‘true Reconciliation is critical for this nation
                                                       a personal friend of Evelyn Scott.
if it is to go into the future as a mature,
harmonious society at peace with itself’.

Scott was actively involved in the Federal
Council for the Advancement of Aborigines
and Torres Strait Islanders (FCAATSI) and
the landmark ‘yes’ campaign for the 1967
Referendum. After serving in a variety of
       Stone Artwork
These stone artworks celebrate the resilience and achievements
of eminent Indigenous Australians who have made personal
contributions to Reconciliation and, more broadly, to Australian
life - through their selfless dedication to the advancement of
Indigenous Australians and building bridges with the wider
Australian community. Each artwork features an inspirational
quotation about Reconciliation as well as an illustrative carving
linked with the person quoted.


Attribution for stone artwork
DESIGNERS: Andrew Smith, Benita Tunks, Rob Tindal STONEMASONS: Tim Hodge, Malcolm Johnson
                                                                         Artwork 11
                                             Aboriginal Dreaming sings to us
                                             of living in harmony with the land
                                             and with each other
                                             Margaret Forte, Flight of an Eagle –
                                             The Dreaming of Ruby Hammond, 1995.




Ruby Florence Hammond PSM

THE NGARRINDJERI PEOPLE                      was well-known for singing the song
of Murrundi (the Lower Murray River)         about the sun, the moon and the stars,
believe the Ponde (the Murray Cod) is a      by her family and many other groups. It is
significant aspect of their dreaming. Ruby   a song about where we all come from.
Hammond, a descendant of Ngarrinderi
                                             The artwork has been designed
and Western Arrente, worked tirelessly
                                             by ‘Munnari’ John Hammond,
with Aboriginal and non-Aboriginal
                                             Ruby Hammond’s son.
people striving towards understanding
and equity for all Australians. Hammond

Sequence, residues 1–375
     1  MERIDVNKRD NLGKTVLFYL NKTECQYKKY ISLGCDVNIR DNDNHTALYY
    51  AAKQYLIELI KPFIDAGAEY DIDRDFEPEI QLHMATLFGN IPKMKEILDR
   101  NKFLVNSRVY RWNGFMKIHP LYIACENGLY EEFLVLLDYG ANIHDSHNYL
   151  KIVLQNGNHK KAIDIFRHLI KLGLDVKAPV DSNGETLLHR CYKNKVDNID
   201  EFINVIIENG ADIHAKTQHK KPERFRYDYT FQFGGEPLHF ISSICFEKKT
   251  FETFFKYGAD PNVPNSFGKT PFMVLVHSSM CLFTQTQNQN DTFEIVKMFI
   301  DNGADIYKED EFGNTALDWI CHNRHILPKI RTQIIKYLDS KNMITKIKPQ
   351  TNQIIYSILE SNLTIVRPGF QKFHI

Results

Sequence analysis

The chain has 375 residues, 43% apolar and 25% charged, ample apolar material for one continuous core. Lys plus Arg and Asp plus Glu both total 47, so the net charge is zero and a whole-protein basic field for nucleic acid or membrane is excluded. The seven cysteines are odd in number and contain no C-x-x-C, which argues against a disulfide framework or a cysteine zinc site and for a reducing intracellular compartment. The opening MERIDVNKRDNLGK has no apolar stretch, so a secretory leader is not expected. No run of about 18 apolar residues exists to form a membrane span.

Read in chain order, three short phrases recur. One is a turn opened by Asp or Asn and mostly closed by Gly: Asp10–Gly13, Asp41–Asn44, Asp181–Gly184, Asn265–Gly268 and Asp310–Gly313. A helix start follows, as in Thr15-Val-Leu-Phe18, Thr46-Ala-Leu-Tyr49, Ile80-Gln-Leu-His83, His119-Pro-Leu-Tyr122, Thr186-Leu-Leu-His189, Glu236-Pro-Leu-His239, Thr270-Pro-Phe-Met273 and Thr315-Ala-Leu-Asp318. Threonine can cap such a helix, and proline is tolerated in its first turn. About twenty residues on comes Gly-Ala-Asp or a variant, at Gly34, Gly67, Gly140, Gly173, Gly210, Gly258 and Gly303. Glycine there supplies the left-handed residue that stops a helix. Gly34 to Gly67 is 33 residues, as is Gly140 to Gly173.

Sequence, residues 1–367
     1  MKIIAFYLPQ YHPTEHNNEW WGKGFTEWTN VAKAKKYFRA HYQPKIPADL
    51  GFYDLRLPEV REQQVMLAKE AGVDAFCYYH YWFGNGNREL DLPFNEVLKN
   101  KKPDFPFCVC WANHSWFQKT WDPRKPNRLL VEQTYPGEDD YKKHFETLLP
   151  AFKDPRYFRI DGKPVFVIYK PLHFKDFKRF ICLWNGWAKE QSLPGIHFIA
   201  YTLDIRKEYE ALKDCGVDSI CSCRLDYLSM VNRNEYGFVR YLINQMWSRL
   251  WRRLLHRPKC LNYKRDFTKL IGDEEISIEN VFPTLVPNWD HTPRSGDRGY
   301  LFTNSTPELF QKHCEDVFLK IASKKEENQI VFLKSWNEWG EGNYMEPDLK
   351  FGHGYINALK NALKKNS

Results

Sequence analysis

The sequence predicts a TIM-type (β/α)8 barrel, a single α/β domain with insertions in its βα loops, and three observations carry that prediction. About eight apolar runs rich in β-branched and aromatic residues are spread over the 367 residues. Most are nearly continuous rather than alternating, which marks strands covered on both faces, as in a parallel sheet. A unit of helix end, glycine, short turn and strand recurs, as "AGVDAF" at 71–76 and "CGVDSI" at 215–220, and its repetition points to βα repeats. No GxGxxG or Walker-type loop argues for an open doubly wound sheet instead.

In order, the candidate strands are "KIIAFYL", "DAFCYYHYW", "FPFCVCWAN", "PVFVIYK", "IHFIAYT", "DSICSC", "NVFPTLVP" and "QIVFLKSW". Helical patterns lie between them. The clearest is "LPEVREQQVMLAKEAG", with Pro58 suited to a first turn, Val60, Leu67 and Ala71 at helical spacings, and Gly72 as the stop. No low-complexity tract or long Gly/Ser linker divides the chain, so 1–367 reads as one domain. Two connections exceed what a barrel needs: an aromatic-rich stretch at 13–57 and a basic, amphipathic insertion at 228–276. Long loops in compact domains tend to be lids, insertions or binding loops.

Artwork 12
     Take the responsibility and share parts
      of your country and our living cultures
       in a good way with fellow Australians
                   and the rest ofthe world.
           Robert Lee, For our children's children: Nitmiluk and
                  economic independence, from a speech given
   at the Indigenous Economic Development Conference, 2003.




                                                                               Robert Lee
                                                                   THE RAINBOW SERPENT is the symbol of
                                                                   Jawoyn and Nitmiluk National Park. It was
                                                                   selected by the Lee family as it portrays the
                                                                   spiritual connection of the late Robert Lee
                                                                   to his land. The image depicts Bolung, the
                                                                   Rainbow Serpent; Nitnit, the cicada; fresh
                                                                   mussels, fish and rocks. Featured wearing a
                                                                   ceremonial headdress, Bolung is associated
                                                                   with the wet season and waterholes. He
                                                                   is not only an important life-giving figure,
                                                                   but may also act as a destroyer. Bolung
                                                                   lives in the deep pools of the second
                                                                   gorge. When fishing, the Jawoyn take
                                                                   only a small portion of their catch and
                                                                   throw the rest back to appease Bolung.

                                                                   The artist was Alice Mitchell Marrakorlorlo,
                                                                   a traditional owner of Nitmiluk.
                                                                              Artwork 13
                 ... all of us have to live
        together, look after each other,
                      share this country.
                Wenten Rubuntja with Jenny Green,
           The Town Grew Up Dancing: The Life and
                     Art of Wenten Rubuntja, 2002.




                                Wenten Rubuntja AM
THE YERRAMPE DREAMING was passed                     man), artwe yerrampe (honey ant
down to Wenten Rubuntja from his great               man) and arntetherrke (carpet snake
grandfather and his father’s uncle.                  man), who are attracted to the women